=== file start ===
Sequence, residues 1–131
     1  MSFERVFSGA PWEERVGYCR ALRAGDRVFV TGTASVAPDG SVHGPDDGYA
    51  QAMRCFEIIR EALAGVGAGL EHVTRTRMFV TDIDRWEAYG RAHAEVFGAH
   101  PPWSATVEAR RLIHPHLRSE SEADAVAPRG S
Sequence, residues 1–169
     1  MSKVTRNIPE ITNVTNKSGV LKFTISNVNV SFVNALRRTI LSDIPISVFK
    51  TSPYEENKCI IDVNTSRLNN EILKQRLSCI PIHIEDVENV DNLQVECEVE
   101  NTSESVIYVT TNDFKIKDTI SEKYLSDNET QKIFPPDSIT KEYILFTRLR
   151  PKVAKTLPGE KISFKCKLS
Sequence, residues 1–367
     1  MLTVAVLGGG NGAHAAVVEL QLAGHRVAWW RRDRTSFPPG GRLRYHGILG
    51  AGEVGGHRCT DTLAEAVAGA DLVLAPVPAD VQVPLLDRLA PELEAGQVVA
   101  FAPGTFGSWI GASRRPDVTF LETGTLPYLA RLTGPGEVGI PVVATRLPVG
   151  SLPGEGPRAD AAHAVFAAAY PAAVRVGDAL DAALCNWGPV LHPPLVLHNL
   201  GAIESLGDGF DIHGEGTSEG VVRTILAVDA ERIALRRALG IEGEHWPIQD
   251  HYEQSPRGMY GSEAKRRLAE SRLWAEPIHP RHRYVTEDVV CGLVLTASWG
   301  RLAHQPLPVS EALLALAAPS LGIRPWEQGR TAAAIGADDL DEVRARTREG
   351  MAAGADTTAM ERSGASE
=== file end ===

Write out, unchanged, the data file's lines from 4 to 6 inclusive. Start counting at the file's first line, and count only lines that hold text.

   101  PPWSATVEAR RLIHPHLRSE SEADAVAPRG S
Sequence, residues 1–169
     1  MSKVTRNIPE ITNVTNKSGV LKFTISNVNV SFVNALRRTI LSDIPISVFK